SAFAR attendee Ja’far ‘Abd al-Hamid shares his experience of this year’s edition exploring Generational Encounters in Arab Cinema.
As the train pulls into Barbican station, my reflection in the windows barely shows my eyes above the medical mask that seems to have gotten progressively bigger over these past seventeen months.
Walking through the cavernous tunnel running beneath the Barbican Brutalist architecture designed complex of apartment blocks, offices and art centres, I can’t but feel like my 15-year-old self all those years ago, trying hard to stay calm and walk in a dignified pace that befitted the new suit I’d bought especially for the date at the cinema. On that occasion, it didn’t take me long to realise that perhaps I was overdressed, particularly when my date, her three girlfriends, and their mothers who were dropping them off, became red-faced, as they tried unsuccessfully, to suppress their giggles at the sight of me, my suit and tie, and big-stick brolly.
To be on the safe side, today I am in jeans and T-shirt!
The NHS app on my phone emits a green light, or so I think, as I scan my phone across the location code at the main doors of the Barbican centre. “Good to go!” The helpful woman, with kindly eyes, and a large mask, waves me through.
At the entrance to Cinema One, another pair of eyes, quite beautiful, greets me. “Safar Film Festival?”, she asks me, or I ask her, I am not sure – for almost a year and a half, I haven’t had much human contact, outside a very small group of friends, my local Tesco cashiers and the Amazon delivery wo/man – I am just grateful for the conversation.
I take my assigned place in this pond of blue seats, and almost say out loud, “hello, old friend”, as I reacquaint myself with the idea of sitting in a room with complete strangers to experience, collectively, a film on the big screen.
The Director of Programming at the Arab British Centre, Amani Hassan, who has moved mountains with her team to organise this celebration of Arab Cinema, introduces us to the festival, and talks briefly about the logistics of putting together such a wonderful event during these times of restrictions, lockdowns, tests and vaccines.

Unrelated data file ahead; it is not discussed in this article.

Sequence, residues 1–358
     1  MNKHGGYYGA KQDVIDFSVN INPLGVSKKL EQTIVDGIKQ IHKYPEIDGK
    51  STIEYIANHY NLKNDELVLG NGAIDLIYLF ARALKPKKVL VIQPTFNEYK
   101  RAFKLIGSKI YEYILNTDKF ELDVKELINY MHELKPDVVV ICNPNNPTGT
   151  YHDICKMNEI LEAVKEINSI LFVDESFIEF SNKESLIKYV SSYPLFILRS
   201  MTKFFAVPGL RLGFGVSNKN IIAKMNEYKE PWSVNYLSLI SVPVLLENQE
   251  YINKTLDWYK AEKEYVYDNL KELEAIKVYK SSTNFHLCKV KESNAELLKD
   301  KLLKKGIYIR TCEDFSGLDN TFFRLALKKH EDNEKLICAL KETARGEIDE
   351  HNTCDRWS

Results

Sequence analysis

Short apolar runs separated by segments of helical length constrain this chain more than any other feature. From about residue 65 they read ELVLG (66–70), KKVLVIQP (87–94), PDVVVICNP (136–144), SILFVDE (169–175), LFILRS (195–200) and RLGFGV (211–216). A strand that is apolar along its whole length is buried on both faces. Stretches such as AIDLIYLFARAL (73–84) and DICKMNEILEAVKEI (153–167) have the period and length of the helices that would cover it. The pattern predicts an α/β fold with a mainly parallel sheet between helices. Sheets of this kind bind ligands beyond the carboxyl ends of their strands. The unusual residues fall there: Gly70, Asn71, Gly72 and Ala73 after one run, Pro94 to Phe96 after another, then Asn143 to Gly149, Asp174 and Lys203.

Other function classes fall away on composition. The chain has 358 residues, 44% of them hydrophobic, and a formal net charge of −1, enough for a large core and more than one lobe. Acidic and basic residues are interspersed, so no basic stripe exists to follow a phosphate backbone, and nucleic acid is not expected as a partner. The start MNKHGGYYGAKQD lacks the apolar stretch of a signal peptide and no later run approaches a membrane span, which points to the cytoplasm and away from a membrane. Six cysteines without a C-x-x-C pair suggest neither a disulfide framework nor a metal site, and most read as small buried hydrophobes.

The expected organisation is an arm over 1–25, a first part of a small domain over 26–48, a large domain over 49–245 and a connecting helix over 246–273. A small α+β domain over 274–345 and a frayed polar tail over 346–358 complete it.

Festival curator, Rabih El-Khoury, guides us through the delectable feast of films from the Arab world and the diaspora that he’s selected for the festival. I am already adding a couple more films to my festival schedule.
Souad (Dir. Ayten Amin, Egypt, 2021) has such a humane, empathetic, funny, and yet visceral treatment of an every-day story of lost love that takes a turn for the tragic. In the Q&A with the director, whom Rabih interviews over Zoom, I relate to her, and the audience, how much I’d loved the film, the tears it brough to my eyes, and I ask her a question about her influences from Egyptian cinema. When Rabih enquires if she’d heard any of what I’d said, “no!” is her bewildered response.
Thankfully, Rabih’s memory is far better than mine, and he repeats my comments and question verbatim.
On the way out, I say hello to Amani; she doesn’t have the advantage that I had of seeing her on stage, being introduced as the Director of Programming at the Arab British Centre. “Sorry, who are you?”, she asks me and my mask, after I do my whole Arab “How are you? Lovely to see you? How are your family?” greeting.
A couple of days later, I am in the foyer of the Institut Francais, South Kensington. I am here for the first of a double bill of films starring the Tunisian French actor Sami Bouajila.
A Son (Un Fils) (Dir. Mehdi Barsaoui, Tunisia/France, 2019) is one of those films that start out with a moment of happiness, contentedness, freedom from the burden of pain and tragedy. And yet, such moments, perhaps by nature, are fleeting.
As Rabih explained in his introduction, the film is quite unique in Arab cinema in its look at the area of human organ donation, its troubled relationship with local laws, and the potential for illegal harvesting of organs by criminal gangs.
On a personal note, I am grateful for my grasp of the Arabic language; I can feel the music, the boundless love in the original Arabic title of the film – Bik N‘ish (addressing their child, a parent says, “it is through you (for you) that I live”).
The Blessed (Les bienheureux) (Dir. Sofia Djama, Algeria/Belgium/France, 2017) continues with the theme of parents’ love and their apprehension for the future of their offspring. Here, it is Algeria, immediately after the end of the civil war of the 1990s that mercilessly cut short the life of tens of thousands of Algerians.
Brilliant performances from an ensemble cast that includes the beguiling Lyna Khoudri, who’s gone on to have a brilliant film career, since making this film.
Sami Bouajila is sublime in both features.
Online, there is a Masterclass with the Palestinian actor Ali Suleiman. Conducting the session is Variety’s film critic Jay Weissberg – a truly delicious combination for any follower of Arab cinema.